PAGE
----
Freddy Adu is only 13, but he already has drawn attention around the world for his ability to play soccer.
Freddy's family came to this country in 1997 from Ghana, a country in Africa, and settled in the Potomac area. Freddy was quickly noticed by area coaches, played in tournaments in Europe and received a contract offer worth more than $100,000 from the Italian team Inter Milan. His family turned down the offer, and last year Freddy began training full-time with the U.S. under-17 national team in Bradenton, Florida.
Freddy is the youngest person to ever train with the team. He also shines in the classroom; he skipped a grade in middle school and entered high school early, attending The Heights for ninth grade before leaving for Florida.
Next month, Freddy's mom, Emilia, could become a U.S. citizen. That also would make Freddy a citizen, and the quick forward would be eligible to play for the U.S. team in March when it tries to qualify for the under-17 World Cup.
Eventually, he hopes to play professional soccer in Europe and to play for the United States in the World Cup, which is held every four years and includes the best teams from each continent.
Washington Post sports writer Jason LaCanfora recently talked to Freddy for KidsPost.
What is your day like? How much time do you spend in school? How much in soccer? Do you have a roommate?
The school day is normally 4 1/2 hours long. We went from 8 until 12:30 and then we would go back to academy, eat lunch, go get treatment if you're injured or you need it, and then we get over to the fields. We leave around 3 p.m. and training starts at 3:30 and goes until 5:30. Then we come back, eat dinner, do our homework and have the whole night to do what we want. I have two roommates and it's a dormitory setting with kids who play a lot of different sports -- tennis, soccer, golf, hockey.
Do you miss your family? How often do you get to see them?
As long as we keep playing every day, I don't get homesick, but when we're not playing soccer I just sit here and kind of do nothing. As long as I keep playing it gives me something to do and it's fun. Plus, it's hard to get homesick because you're with your teammates all the time and we have a lot of fun. I see my family in the summer and we go home for the holidays. And you can fly home on the weekends sometimes if you want to.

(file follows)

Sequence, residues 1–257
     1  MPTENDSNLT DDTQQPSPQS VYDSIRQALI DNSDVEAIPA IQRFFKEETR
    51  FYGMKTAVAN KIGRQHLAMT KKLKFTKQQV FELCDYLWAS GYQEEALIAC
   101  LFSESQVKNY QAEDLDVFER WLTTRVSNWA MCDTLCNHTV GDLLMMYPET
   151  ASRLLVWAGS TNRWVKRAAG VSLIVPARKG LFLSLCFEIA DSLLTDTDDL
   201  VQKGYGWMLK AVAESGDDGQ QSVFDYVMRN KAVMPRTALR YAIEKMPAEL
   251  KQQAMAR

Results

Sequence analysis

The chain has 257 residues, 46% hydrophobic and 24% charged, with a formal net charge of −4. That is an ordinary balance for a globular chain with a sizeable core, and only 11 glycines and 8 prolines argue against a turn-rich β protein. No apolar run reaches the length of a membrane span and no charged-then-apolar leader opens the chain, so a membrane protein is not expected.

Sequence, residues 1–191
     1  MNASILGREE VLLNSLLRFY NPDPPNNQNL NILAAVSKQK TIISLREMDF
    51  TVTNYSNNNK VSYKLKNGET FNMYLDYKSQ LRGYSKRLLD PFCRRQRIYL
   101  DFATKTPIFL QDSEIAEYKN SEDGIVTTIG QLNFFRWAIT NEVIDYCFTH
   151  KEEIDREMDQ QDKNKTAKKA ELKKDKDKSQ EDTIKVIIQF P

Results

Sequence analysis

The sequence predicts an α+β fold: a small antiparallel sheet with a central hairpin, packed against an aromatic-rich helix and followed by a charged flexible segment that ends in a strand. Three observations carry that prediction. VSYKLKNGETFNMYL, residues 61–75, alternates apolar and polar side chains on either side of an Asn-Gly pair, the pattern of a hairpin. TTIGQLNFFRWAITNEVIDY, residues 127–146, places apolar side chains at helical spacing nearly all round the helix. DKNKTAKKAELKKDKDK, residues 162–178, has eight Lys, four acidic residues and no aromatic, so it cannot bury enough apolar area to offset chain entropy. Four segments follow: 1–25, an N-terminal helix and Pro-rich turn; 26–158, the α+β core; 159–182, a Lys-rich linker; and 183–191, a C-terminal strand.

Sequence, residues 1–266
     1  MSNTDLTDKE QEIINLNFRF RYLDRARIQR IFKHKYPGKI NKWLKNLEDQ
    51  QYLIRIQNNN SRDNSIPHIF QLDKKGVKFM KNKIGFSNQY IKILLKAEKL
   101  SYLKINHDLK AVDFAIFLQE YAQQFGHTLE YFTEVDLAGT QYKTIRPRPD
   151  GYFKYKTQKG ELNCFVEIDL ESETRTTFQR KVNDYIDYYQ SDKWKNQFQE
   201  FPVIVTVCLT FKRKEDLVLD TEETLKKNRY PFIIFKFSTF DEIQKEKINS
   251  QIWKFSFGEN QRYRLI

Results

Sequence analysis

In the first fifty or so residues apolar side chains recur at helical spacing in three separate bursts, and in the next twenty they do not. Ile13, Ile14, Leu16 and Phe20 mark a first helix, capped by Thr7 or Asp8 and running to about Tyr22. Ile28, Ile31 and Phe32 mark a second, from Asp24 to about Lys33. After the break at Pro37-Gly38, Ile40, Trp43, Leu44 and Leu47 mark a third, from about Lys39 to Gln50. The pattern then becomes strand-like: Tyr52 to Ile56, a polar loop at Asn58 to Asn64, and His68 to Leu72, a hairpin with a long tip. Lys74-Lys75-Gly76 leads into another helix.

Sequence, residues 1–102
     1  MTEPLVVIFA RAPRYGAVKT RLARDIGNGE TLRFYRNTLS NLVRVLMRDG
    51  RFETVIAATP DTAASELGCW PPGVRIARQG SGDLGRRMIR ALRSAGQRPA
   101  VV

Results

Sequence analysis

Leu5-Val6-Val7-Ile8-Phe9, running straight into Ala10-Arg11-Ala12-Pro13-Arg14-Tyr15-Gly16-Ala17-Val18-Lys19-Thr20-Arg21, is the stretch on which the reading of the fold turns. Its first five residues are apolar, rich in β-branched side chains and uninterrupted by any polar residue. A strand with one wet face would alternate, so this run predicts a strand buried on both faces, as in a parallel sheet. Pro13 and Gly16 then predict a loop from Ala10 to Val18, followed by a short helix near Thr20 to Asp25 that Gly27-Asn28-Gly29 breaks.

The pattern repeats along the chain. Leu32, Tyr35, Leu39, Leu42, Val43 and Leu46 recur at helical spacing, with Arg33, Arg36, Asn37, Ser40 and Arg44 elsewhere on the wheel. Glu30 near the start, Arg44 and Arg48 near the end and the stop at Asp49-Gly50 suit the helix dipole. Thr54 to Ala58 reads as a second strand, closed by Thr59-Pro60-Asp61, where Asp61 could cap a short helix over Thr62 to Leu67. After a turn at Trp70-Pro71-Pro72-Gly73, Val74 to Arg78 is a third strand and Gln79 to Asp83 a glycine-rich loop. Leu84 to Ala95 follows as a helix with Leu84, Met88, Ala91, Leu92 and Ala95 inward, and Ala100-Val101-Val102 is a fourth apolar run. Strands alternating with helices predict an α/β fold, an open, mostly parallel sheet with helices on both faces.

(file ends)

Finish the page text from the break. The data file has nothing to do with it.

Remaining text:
When did you realize that you were REALLY good at soccer?
I always knew I wanted to play soccer as a professional, and when I first came to America I started playing and started working really hard. It came into my mind that I could go someplace after I had been down here [in Florida] and we first played an MLS team. I played really well and I was so surprised because going into the game I was nervous and small and younger than anybody else. But they didn't treat me like a kid and I just went out and played well and Coach [John] Elinger was pretty surprised.
You left Ghana when you were 8. What do you remember about the country and what do you miss most?
I miss the soccer and the lifestyle, because whenever we came back from school we would just take a soccer ball and go outside and there would be 20 guys out there waiting to play. I was the supplier of balls in the neighborhood. [Freddy had relatives in the United States who sent him soccer balls.] We'd just go out there and play nonstop until it got dark. We'd play every day. We didn't go a day without playing.
What is your ultimate goal or dream in soccer?
One day winning the World Cup, that's the dream. Being on the U.S. National Team and winning the World Cup. I'll take the win any way I can get.